I'm not sure where to start here.  First of all, I am on face deeply suspicious of anyone who claims to have the absolute and definitive answer to a subject who is unwilling to answer questions and face scrutiny concerning that answer…particularly when the subject is as deeply complex as the situation in the Middle East.  There is no question that Israel has made many, many mistakes, and often carried itself with a sense of arrogance and entitlement (to say nothing of its violent overreactions) which has made things worse.  There's also no question that speaking to dedicated Israelites is often difficult–I have many friends who are perfectly rational people on all other subjects, but mention Israel and their eyes glaze over (for them this isn't a rational calculus but an emotional one, and I respect the difference).  But the idea that Israel is solely responsible for the problems in the Middle East, given the fractured and often violent behavior of the Palestinian establishment, is as absurd as the idea that Israel is wholly blameless.  If it's not 50/50 (it's up to you to decide what the exact ratio is), there's certainly plenty of blame to go around.

But all of this is really irrelevant because of the second point: even if Israel were responsible for everything bad in the world and sent its avatars around to kick puppies (those heartless bastards!), the original resolution is such a caricature of true academic freedom it's breathtaking.  Let me get this straight: we should get external agents the hell out of our internal academic affairs, and demand that we defend the free consciences of our fellow faculty members, just so long as they feel like taking a shot at Israel.  If those fellow faculty members choose to defend Israel, though, forget about the free conscience and pass the gag.  We certainly wouldn't want to be "even-handed."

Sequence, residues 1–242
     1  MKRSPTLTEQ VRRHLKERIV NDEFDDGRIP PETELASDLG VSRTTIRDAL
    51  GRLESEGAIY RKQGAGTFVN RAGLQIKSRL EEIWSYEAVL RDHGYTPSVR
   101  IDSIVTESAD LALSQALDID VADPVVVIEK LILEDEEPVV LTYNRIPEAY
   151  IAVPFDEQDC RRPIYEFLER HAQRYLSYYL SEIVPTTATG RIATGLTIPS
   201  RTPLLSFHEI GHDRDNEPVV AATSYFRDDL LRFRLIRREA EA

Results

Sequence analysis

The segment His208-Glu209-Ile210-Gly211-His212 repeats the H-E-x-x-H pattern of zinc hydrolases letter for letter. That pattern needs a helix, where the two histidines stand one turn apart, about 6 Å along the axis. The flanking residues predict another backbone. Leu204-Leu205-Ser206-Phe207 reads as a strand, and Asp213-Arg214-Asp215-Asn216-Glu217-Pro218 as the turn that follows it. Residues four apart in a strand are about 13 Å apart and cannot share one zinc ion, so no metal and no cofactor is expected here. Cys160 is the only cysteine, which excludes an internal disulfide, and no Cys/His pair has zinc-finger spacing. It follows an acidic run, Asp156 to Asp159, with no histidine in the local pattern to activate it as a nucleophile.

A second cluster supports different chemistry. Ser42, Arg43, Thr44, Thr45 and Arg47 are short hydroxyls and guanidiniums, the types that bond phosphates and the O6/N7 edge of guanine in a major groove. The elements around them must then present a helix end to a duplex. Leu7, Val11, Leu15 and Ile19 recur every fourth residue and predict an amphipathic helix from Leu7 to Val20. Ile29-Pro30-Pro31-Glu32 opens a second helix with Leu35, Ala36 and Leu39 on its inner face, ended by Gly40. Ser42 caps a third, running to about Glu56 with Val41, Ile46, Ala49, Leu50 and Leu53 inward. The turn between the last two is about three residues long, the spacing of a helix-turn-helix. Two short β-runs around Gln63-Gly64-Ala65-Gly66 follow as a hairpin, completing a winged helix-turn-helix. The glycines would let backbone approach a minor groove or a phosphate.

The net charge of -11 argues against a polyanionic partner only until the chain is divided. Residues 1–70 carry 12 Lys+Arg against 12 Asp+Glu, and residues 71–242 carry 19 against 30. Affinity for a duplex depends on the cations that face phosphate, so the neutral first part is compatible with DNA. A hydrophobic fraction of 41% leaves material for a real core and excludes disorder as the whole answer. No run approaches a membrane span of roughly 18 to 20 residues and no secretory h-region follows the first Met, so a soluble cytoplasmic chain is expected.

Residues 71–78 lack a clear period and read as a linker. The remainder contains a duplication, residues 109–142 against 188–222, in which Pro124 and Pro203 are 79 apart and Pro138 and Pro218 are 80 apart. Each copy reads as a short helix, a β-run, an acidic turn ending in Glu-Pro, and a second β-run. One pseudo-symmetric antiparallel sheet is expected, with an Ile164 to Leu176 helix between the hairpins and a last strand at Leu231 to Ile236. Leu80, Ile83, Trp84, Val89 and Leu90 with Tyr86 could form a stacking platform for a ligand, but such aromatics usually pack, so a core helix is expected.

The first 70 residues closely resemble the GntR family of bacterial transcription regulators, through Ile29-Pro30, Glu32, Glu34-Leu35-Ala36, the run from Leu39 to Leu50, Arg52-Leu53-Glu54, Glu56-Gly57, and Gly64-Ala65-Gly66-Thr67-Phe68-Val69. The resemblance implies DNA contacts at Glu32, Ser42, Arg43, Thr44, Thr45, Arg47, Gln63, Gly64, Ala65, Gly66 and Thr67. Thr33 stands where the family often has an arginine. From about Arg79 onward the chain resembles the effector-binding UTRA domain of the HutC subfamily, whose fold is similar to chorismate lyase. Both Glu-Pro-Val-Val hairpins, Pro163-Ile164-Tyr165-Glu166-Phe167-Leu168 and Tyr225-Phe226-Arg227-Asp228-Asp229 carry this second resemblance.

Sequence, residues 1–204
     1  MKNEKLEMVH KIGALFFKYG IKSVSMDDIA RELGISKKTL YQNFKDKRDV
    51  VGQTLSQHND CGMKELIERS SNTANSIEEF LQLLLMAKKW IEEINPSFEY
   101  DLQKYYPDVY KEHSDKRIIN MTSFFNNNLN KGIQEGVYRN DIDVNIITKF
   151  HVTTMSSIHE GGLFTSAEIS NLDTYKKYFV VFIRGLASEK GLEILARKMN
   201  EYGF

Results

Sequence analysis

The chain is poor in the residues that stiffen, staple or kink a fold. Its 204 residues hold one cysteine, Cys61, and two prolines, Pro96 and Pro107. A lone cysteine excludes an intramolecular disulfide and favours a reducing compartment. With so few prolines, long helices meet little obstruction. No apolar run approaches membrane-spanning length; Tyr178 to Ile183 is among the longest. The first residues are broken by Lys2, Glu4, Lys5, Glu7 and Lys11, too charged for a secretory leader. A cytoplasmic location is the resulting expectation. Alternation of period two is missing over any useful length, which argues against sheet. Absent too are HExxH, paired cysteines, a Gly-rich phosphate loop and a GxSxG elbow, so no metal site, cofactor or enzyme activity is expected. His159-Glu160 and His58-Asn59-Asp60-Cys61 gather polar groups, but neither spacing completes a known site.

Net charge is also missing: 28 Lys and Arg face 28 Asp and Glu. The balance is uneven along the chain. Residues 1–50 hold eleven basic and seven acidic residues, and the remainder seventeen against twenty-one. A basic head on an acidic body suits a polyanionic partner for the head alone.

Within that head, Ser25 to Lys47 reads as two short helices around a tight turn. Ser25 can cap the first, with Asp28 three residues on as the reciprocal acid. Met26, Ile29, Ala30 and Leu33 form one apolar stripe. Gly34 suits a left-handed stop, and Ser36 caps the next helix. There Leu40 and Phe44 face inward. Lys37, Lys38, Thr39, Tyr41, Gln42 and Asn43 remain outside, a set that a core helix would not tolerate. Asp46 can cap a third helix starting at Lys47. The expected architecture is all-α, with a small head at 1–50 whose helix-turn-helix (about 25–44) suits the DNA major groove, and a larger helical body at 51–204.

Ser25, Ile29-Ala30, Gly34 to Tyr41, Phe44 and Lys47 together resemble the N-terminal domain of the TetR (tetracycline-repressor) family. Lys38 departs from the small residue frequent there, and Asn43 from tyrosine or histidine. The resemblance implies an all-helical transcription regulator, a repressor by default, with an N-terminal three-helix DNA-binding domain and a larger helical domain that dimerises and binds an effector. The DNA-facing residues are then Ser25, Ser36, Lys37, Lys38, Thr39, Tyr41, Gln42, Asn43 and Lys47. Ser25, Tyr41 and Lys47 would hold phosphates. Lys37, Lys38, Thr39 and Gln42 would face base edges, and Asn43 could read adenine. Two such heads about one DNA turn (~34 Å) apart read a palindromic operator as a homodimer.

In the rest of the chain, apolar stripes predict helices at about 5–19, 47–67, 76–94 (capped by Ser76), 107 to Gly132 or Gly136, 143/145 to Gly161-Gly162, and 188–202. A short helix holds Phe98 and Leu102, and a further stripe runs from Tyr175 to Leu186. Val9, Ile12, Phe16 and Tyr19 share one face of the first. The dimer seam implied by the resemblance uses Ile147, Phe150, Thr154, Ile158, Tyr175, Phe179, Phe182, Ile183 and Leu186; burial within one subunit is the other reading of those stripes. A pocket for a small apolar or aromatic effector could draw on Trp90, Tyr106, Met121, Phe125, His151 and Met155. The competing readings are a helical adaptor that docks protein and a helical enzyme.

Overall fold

Have we gone mad?

The point of academic freedom is that professors should have the right to espouse whatever theories, ideas and beliefs they choose (so long as they do not require their students to agree with them in the case of subjective opinions, which has its own problems) without fear of retribution.  That's all.  It doesn't allow for exceptions, like "you can't support Israel openly."  Uh-uh.  It stands for everyone or no one; that's how it works.  Thus far I assume most of you are probably nodding your heads rather impatiently.  Obviously free speech means "free."  What's the controversy here?

But that's just the problem: for some reason, the moderate and fair approach ultimately taken by the MLA here (something which has not always been true in the past) is being seen in many quarters as cowardly and driven by political correctness, not a reasonable sense of fair play.  "Shame on the MLA for insisting on the masquerade that they are being even handed by protecting the rights of all.  The fact of the matter is that they are siding with entrenched power while turning a blind eye to the one sided silencing of dissidents," proclaims Levon Chorbajian, a professor of sociology.  "This is not moderation but cowardice with the MLA repeating the past history of their predecessors and the Screen Writers Guild in the McCarthy era," says the appropriately named "Viper."  Siding with entrenched power, no doubt, because of the MLA's misguided belief that freedom means what it says: free.

I'm sorry to say it, but break it all down and you begin to see the real problem here: academia, never known for its close connection to reality, has grown so out of touch that it now believes that positions like ones in which people assert that one-sidedness is virtue and fair-mindedness vice are reasonable ones to have.  In no other arena could the statement "this is too even-handed" be made without getting laughed out of the room.  I despise David Horowitz and his perverse appeal to open-mindedness in college classrooms (an appeal which relies on closed-mindedness from outside of them) largely because that appeal is so disingenuous…but how is this any different?  Because we're beating up Israel instead of Bush?  Sorry, that doesn't wash.  Either we support the rights of those on all sides of the issue to discuss it freely, without fear of censure, and let the famous marketplace of ideas do its work, or we shut the whole damn marketplace down and throw free expression out the window in the process. 

Ultimately, of course, there aren't too many people in the general population who give a damn or even know much about the MLA, except maybe as those folks who put out that book that shows how to do a Works Cited page for high school English.  But it's interesting both that the MLA tried to be relevant and fair minded for a change, and now is getting hammered for its trouble.  I can't wait for the sequel: When Academics Attack–The Unrated Version.  Now that should make for some fun holiday entertainment.